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How Americans learned to love their lawns.

Welcome to Thursday, Apexians. It’s high summer here in Oregon. It’s hot. Blackberries are ripe. Tomatoes are coming on. The hydrangeas are showing their stuff. And nothing sounds better than relaxing in a lawn chair with a cool beverage in hand…

A brief history of the lawn chair. [Valet] — “The rise of this all-American staple coincided with the growth of suburbs after World War II, when homes with larger lawns were suddenly more affordable. Aluminum production soared during the war, since it was used in the structural framing of military aircraft. After the war, manufacturers sought other uses for the strong yet lightweight material. Turns out, narrow aluminum tubing was great for making chairs.”

And hey — why not? — let’s put today’s video in the middle of the list! Here’s a seven-minute video from The New York Times that explains how Americans learned to love their front lawns.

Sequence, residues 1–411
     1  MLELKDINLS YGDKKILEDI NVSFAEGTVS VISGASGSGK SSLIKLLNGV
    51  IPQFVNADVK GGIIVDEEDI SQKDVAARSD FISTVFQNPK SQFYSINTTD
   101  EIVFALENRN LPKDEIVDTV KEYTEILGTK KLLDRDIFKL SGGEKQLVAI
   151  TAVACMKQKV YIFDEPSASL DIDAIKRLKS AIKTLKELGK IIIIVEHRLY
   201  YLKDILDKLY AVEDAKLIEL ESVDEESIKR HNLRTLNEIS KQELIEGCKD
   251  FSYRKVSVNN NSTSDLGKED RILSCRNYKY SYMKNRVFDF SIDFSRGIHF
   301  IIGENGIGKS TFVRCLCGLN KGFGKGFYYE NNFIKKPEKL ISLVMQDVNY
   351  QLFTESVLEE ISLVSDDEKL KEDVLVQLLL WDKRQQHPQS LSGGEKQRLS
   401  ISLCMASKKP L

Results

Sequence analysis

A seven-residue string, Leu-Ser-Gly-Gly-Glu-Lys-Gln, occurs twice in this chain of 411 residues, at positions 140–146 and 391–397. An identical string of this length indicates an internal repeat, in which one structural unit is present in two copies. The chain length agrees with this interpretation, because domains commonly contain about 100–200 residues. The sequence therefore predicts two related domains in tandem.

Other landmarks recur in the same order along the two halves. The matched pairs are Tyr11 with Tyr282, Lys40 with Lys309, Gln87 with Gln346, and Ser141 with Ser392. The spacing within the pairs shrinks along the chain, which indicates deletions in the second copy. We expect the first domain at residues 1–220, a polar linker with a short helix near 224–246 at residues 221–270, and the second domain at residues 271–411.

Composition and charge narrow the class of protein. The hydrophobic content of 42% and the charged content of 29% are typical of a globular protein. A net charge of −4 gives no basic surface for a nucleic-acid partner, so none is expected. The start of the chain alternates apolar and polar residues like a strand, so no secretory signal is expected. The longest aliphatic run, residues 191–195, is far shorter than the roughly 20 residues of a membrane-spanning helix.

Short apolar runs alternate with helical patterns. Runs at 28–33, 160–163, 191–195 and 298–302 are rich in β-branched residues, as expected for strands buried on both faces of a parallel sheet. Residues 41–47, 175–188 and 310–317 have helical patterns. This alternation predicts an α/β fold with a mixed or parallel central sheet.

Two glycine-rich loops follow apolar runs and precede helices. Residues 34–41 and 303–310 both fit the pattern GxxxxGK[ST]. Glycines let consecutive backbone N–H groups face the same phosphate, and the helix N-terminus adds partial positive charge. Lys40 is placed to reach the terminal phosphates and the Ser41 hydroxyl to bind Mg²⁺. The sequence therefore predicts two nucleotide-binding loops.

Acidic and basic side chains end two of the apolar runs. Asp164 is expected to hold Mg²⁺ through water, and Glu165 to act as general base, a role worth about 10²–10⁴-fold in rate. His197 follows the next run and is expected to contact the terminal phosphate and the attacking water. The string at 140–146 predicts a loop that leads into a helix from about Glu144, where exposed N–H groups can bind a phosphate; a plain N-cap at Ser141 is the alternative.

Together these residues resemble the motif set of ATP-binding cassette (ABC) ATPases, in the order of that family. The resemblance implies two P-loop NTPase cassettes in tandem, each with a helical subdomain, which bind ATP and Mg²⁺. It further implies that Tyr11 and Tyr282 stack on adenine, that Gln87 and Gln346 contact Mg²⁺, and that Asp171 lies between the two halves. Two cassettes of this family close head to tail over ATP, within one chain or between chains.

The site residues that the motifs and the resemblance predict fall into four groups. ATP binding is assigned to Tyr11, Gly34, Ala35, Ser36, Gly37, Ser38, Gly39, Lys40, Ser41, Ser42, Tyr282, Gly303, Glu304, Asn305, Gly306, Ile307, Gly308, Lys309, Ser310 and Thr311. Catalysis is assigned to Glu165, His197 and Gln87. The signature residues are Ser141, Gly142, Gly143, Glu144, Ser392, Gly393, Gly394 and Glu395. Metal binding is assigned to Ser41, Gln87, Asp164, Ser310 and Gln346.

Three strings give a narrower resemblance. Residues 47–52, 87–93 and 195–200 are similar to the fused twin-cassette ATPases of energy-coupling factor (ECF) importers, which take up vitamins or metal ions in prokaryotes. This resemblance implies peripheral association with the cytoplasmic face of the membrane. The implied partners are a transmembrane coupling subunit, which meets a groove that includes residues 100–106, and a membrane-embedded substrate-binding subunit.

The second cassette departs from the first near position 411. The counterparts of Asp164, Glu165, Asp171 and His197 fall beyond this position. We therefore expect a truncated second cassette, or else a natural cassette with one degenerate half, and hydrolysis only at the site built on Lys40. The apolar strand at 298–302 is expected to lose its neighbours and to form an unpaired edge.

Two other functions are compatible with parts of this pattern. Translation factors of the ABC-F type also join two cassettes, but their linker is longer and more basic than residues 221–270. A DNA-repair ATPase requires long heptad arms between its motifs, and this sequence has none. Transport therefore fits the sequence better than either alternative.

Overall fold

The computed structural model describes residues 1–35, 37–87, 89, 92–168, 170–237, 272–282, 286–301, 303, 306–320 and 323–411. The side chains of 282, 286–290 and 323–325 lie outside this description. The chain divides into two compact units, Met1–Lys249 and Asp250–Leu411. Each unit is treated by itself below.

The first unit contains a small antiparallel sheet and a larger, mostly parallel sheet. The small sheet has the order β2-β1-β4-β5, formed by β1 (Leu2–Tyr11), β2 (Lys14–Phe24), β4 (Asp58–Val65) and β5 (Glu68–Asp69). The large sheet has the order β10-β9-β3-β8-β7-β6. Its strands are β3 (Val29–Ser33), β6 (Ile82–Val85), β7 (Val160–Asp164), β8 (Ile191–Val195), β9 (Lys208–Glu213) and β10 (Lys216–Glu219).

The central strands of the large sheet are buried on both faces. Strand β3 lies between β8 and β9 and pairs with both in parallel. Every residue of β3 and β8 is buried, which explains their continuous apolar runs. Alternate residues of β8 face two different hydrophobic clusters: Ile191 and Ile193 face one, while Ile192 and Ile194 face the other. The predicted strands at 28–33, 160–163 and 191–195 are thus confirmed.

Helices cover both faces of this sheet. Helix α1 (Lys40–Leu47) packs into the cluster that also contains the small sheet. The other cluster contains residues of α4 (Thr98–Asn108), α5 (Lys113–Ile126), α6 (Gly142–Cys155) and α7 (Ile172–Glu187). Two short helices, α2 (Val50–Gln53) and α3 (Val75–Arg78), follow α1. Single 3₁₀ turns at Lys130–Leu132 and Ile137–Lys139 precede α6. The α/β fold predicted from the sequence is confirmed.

You know, as long as we’re doing the whole 1950s suburbia thing, how about this story that has nothing to do with money and everything to do with bowling?

The most amazing bowling story ever. [D Magazine] — “He had 33 straight strikes entering the 10th frame of the third game. Out came the cell phone cameras. There were whispers, but as soon as Fong picked up his ball, it was dead quiet. He turned to look at the crowd behind him, now well over 100 people, densely packed from the end of the snack bar to the vending machines 80 feet away. That’s when the magic left him…” [Related: Bowling a perfect game in 90 seconds.]

“Decorating our home with thrift-store finds.” [Financial Mechanic] — “I have recently been shopping to furnish our new apartment. I am perpetually taken aback by every price tag…Sticker shock aside, thrifting is about more than just money. Every item you thrift is another item that doesn’t need to go to a landfill.”

A half million dollars by thirty. [A Purple Life] — “Now, enough with those squishy emotions. Let’s get into some nerdy analysis! I was curious how much of my net worth is from after-tax savings from my earnings, compared to how much the market contributed, so let’s look at it!”

And that’s all for today! I’ll be back tomorrow to take you into the weekend — a weekend during which I hope we will all relax after bowling by sitting in thrift-store lawn chairs purchased with our half-million-dollar nest eggs! 🙂

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